On 10/18/97 10:26 AM so and so Richard D. Arnold said. (And I quote)
Sorry Number A Check the Dip Stick
>On Friday, 17 October 1997 at 10:26 Nory wrote:
>NORY> Is there any way to, at least temporarily fix the obligatory
>Spridget oil leaks without pulling the engine?
>Response by RICH> The first question is how much work do you want to
>have to do? I believe you can replace virtually every gasket/seal on the
>engine with it in place (excepting the rear seal) but it is easier to do
>it with the engine out.
>If you simply just want to slow them down (they can be eliminated,
>believe it or not), this is what I did to an older six-cylinder Chevy
>that ran well, but leaked all over the place. Clean the engine
>internally with a can of Motor Flush; follow the directions carefully,
>then change oil with a cheap grade of oil and filter, run the engine for
>twenty minutes at 1500 rpms and change the oil with a good grade of oil
>and filter. Add a can of Oil Stop Leak. While you're changing the oil,
>check the filler plug gasket, or apply some thread tape to it. Check the
>ones on the gearbox and the rear-end as well.
>Check to make sure that your PCV or equivalent is working (I tried for
>two days to stop a leak on mine and it turned out the PCV was toast and
>air pressure was forcing oil out).
>Clean the exterior of the engine thoroughly with a high pressure hose,
>degreaser, etc, etc. Clean it again. Remove all the ancillary
>components (alternator, etc) and clean it again. Use compressed air to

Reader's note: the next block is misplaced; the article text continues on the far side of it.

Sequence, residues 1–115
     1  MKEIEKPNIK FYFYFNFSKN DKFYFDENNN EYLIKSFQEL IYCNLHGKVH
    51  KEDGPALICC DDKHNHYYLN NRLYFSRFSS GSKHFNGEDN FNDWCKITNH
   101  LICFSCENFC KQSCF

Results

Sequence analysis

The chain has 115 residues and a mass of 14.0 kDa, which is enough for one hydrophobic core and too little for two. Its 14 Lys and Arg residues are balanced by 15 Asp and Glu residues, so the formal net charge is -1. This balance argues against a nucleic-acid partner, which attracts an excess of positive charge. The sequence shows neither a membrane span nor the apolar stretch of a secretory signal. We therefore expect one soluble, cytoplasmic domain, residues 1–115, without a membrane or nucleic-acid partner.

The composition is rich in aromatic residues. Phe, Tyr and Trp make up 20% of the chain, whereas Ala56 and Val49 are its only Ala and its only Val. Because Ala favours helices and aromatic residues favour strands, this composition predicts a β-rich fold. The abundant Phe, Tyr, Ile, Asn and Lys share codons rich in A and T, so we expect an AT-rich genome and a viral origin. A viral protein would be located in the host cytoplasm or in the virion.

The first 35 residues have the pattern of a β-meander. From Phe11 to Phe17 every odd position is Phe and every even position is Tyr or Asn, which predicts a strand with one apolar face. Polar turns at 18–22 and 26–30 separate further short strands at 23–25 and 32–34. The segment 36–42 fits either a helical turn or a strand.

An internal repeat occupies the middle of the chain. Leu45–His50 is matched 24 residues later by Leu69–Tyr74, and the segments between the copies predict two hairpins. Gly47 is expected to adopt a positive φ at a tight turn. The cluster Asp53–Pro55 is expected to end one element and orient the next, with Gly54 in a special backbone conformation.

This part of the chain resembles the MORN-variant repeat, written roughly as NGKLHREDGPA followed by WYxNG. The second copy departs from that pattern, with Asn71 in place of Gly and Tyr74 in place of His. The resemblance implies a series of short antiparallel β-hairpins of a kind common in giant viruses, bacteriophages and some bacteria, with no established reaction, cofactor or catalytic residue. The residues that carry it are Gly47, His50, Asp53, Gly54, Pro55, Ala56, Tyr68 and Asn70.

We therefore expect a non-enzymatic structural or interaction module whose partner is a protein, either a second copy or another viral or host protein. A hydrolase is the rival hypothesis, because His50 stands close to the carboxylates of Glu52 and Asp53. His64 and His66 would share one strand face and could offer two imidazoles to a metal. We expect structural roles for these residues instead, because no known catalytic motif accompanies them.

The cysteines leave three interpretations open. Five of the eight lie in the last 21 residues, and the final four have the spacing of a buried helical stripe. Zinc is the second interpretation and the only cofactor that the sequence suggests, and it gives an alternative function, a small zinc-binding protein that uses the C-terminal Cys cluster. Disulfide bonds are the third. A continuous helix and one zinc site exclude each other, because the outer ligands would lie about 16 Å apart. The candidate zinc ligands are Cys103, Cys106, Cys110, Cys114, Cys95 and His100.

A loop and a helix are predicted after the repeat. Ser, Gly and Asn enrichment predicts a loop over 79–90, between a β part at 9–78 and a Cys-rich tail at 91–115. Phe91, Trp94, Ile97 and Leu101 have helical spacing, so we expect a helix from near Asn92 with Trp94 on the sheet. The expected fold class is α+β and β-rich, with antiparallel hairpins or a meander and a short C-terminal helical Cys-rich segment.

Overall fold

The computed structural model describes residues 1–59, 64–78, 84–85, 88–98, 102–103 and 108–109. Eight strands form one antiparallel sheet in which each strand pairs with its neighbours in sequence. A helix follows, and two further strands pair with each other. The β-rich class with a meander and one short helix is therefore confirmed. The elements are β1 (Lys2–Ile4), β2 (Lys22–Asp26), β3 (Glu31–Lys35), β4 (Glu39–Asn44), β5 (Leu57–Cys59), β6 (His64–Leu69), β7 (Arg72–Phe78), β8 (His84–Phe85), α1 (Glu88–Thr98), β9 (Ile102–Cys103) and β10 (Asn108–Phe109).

>remove all the water.
>Run the engine for a bit to warm it through and crawl under it with a
>drop light from many different angle to find where it is leaking. 'Snug
>up' all the bolts first.
>If this does not stop/slow the leak, clean the area of the leak
>thoroughly with carb cleaner or the equivalent and apply a thin bead of
>silicone directly into the area of the gasket edge (between the mating
>surfaces). Force it in with a wet finger, let it set, then repeat.
>This will cure or at least temporarily fix/slow down the problem, but it
>does nothing for the front and rear seals. If they're leaking, you might
>as well replace them all...
>Seriously, I would consider pulling the engine, buying the gasket/seal
>set, and replacing them all. You can do it over one good weekend with
>hand tools, though you may have to rent a hoist.
>The plus side is that you know everything is good, you can inspect the
>lower end, and you can clean and paint everything. A clean engine
>compartment is a joy to work on.
>Hope this helps.
Larry & Janet